Yorkshire Dales National Park Authority reacts to public concern on illegal raptor killing

Last year the Yorkshire Dales National Park Authority opened a consultation to find out what issues the general public would like to see addressed by the Park’s latest five-year management plan (2018-2023).

The results were clear – visitors and residents of the National Park raised serious concerns about illegal raptor persecution and land management, with a particular focus on grouse moor management (see here).

When these findings were published in September 2017, we blogged about whether the Yorkshire Dales National Park Authority would be up for the challenge of taking a lead role in tackling raptor persecution within the Park. It seemed unlikely, given the scale of illegal raptor killing and the many years of in-action by the Park Authority.

[Photo by Ruth Tingay]

But it seems like public opinion has finally forced change and the Yorkshire Dales National Park Authority has recently been taking steps to highlight illegal raptor persecution and is getting involved with various initiatives to apply pressure on the raptor killers.

In February the Park Authority was closely involved with Operation Owl, a multi-agency initiative led by North Yorkshire Police designed to target those who continue to persecute birds of prey in the region.

And last week the Park Authority published an ‘evidence report’ detailing the illegal persecution of birds of prey in the Yorkshire Dales National Park over the last ten years. This report, which is very well written and referenced, is a significant move. There’s no attempt to deny or hide or obfuscate the facts, as we’ve seen so often before. It is a clear description of what’s been happening in this National Park and places grouse moor management at the centre of it all. It’s well worth a read:


The publication of the report was accompanied by a press release (take note, Peak District National Park Authority!). The press release also provided details of a wildlife crime seminar organised by the Park Authority in February, where Park staff and police officers received expert training from RSPB investigators on how to identify raptor persecution crimes. The staff will now be passing on that knowledge to Dales Volunteers. That’s excellent, pro-active work by the Park Authority.

Photo: Howard Jones (RSPB) providing training to police officers and Yorkshire Dales National Park staff (photo by YDNPA)

David Butterworth, CEO of the Yorkshire Dales National Park Authority, has also been busy writing. In February he wrote an article for the Yorkshire Post on illegal raptor persecution and it was reproduced on the Park’s website here.

He hasn’t minced his words and deserves much credit for speaking out. However, his last paragraph is less impressive:

I believe that the Moorland Association, which represents some of the estates, is making genuine attempts to tackle bird of prey persecution. The Park Authority wants to see grouse shooting remain and thrive. It is part of the cultural heritage of the Dales and a part of the local economy. But the Association must know that change cannot come quickly enough.  We want birds of prey back in this iconic National Park“.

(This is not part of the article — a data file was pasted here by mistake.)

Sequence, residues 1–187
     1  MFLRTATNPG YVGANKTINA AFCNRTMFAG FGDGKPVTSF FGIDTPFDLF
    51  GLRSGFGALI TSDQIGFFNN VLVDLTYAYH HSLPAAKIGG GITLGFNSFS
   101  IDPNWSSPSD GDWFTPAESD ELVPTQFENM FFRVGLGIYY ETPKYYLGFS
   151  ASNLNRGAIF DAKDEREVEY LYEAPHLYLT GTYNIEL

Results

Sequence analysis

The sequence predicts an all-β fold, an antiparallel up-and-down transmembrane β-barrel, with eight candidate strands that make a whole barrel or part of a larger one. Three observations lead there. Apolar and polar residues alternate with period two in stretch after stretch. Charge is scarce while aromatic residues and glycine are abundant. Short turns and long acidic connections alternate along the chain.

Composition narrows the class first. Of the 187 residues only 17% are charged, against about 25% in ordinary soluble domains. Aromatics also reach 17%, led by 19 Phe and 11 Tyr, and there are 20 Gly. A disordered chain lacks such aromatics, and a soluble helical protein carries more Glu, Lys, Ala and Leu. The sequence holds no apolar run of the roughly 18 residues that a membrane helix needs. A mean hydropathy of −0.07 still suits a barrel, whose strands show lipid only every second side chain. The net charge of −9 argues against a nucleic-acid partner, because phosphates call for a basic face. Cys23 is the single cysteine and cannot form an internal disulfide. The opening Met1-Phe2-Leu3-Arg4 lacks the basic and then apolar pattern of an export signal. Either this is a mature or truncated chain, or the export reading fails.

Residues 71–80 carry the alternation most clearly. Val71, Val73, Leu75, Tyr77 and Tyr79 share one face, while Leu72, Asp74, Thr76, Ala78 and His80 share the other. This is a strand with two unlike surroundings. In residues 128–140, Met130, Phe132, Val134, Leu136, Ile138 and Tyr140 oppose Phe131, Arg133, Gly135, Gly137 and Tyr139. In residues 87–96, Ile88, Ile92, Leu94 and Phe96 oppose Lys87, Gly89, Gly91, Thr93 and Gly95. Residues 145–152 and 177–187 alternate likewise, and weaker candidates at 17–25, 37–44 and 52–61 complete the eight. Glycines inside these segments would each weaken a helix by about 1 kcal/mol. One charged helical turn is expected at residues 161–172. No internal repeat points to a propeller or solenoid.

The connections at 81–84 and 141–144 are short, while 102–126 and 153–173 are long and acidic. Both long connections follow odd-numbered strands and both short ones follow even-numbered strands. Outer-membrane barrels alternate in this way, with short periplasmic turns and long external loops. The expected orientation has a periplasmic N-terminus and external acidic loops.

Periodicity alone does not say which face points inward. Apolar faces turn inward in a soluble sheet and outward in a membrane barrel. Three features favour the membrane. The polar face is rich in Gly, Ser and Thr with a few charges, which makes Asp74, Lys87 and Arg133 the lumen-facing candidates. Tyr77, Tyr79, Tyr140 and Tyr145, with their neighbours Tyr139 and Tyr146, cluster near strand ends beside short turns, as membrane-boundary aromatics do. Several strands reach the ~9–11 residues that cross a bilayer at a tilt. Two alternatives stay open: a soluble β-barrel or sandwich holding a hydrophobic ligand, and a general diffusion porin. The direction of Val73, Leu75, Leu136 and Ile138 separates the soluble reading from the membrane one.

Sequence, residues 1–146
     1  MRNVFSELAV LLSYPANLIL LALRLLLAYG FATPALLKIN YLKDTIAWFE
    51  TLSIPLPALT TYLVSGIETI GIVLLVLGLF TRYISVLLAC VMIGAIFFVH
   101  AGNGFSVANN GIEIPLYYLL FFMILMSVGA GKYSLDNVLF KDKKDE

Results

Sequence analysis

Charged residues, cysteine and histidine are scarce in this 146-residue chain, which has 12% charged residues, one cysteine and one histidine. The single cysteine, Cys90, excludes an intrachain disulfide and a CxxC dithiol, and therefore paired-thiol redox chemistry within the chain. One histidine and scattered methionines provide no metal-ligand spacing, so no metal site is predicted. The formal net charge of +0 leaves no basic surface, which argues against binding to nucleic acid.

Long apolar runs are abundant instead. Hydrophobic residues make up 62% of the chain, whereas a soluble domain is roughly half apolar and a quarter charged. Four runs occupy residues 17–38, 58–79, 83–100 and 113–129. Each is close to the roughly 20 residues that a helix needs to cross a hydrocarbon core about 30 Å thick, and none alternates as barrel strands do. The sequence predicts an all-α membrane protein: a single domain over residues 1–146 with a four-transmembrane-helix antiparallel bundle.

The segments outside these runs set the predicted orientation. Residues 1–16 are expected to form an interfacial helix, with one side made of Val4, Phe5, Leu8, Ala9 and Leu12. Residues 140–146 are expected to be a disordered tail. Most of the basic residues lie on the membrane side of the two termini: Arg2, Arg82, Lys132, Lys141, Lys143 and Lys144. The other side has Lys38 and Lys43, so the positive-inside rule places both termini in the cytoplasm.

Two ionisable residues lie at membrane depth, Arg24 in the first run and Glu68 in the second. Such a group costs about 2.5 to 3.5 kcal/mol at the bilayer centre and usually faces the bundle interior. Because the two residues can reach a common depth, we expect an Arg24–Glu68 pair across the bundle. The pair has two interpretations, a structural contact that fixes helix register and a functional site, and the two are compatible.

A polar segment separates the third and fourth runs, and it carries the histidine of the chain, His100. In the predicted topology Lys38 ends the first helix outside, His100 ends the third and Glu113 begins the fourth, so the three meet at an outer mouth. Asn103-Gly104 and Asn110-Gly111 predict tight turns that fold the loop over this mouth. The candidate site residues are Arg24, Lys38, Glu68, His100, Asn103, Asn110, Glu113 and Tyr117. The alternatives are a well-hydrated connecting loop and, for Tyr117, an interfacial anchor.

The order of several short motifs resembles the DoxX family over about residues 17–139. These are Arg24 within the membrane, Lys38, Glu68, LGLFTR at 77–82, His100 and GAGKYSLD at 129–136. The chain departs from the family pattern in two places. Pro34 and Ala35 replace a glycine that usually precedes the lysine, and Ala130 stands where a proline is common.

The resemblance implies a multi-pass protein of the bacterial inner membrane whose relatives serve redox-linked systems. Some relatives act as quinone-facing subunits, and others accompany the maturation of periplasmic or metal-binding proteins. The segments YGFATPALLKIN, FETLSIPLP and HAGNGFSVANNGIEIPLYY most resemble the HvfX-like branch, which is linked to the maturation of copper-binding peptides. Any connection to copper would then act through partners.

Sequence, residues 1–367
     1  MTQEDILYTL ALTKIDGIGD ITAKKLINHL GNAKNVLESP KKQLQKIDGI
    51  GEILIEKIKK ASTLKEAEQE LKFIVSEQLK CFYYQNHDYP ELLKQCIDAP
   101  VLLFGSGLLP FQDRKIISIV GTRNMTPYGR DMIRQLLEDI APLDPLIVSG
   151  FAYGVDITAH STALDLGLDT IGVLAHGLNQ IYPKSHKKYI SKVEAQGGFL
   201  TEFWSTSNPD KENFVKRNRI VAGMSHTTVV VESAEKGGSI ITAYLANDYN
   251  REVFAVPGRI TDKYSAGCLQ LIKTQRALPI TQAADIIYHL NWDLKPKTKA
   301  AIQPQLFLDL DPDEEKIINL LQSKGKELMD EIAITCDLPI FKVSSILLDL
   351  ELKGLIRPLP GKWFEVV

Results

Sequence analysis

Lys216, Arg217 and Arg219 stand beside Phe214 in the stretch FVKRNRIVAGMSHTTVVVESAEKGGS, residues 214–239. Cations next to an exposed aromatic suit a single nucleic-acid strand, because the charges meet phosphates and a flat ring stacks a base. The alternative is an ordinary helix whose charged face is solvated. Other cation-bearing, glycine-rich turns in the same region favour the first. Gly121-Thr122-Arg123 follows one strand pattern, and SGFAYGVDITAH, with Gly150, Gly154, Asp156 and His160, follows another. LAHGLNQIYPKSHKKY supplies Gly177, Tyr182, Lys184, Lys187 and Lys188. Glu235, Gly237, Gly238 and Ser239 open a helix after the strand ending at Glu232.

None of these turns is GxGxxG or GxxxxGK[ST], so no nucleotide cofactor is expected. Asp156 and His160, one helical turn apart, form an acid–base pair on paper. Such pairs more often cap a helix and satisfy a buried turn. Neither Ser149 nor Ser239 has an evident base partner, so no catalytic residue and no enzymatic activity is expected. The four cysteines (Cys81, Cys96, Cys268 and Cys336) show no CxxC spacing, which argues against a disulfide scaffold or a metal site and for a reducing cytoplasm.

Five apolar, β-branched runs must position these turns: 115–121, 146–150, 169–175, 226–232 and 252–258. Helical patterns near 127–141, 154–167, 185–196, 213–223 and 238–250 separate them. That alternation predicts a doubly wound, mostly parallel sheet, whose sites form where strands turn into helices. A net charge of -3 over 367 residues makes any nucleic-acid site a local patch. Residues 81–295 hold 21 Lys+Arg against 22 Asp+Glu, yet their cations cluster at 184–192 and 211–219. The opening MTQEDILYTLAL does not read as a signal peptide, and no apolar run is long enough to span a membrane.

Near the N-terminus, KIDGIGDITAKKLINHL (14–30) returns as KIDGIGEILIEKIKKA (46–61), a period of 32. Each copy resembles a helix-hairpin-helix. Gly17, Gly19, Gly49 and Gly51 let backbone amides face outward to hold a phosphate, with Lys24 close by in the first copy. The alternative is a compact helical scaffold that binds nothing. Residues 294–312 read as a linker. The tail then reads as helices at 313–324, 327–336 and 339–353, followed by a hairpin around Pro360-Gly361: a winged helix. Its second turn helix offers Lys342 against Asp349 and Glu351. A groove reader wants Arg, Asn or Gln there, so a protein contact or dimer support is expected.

If he’s banking on actions by the Moorland Association to help bring an end to raptor persecution in the Park he’ll have a very long wait. Others have been down this road, many times over, and have recently called out this organisation for what we consider to be continued disruptive behaviour in tackling these crimes (e.g. see here and here).

Meanwhile, legal proceedings against a gamekeeper accused of the alleged shooting of two short-eared owls on a grouse moor in the Yorkshire Dales National Park continues in court this week. More to follow soon.

21 thoughts on “Yorkshire Dales National Park Authority reacts to public concern on illegal raptor killing”

  1. ‘It is part of the cultural heritage of the Dales and a part of the local economy.’ On both counts a big fat zero – not been going that long compared to a lot of other things (not that it really makes much difference), and how many people participate in DGS, do local people and visitors love to come along and sit and watch DGS as a community activity, did the moor ‘owners’ welcome public access to OUR uplands, how many far more lucrative and less damaging businesses and recreations have been pushed out by DGS? At least no mention of their ‘importance’ to biodiversity, but grouse shooting has hardly been a benign influence for society or wildlife, really need to move on, it’s over stayed its welcome.

    1. My first reaction to the “last paragraph” mentioned in the blog. WHAT CULTURAL HERITAGE???? Guns for game shooting have not been around long enough for this type of game shooting to be cultural. I doubt that the shooters took advantage of muzzle loading guns for driven game shoots (unless they had an army of loaders and many guns. Oh, and a breezy day, to clear the thick smoke from each shot).

      Even early breech loading shotgun (about 1860’s) cartridges used black powder explosive with its thick smoke upon discharge. It was only in the mid 1880’s that smokeless gunpowder came into being and guns strong enough to cope.

      Black powder for British military rifles were still in use at the start of the 20th century

      I have used muzzle loading guns for clay pigeon but I had to ask if I had hit the clay. Also paper target shooting. I know very well how long it takes to reload a muzzle loader.

      That puts the possible start of driven game shooting at about 150 years ago but probably more recent. Add to this that the game shooting massacre was only for the royal and rich. The lower orders only came into it to ensure plentiful breeding of the gun fodder and then in larger numbers for a few days to chase the game towards the idle royal and rich with guns.

      It is good news to see the YDNP baring the facts but shame to give MA the benefit of “phantom” work towards stopping persecution.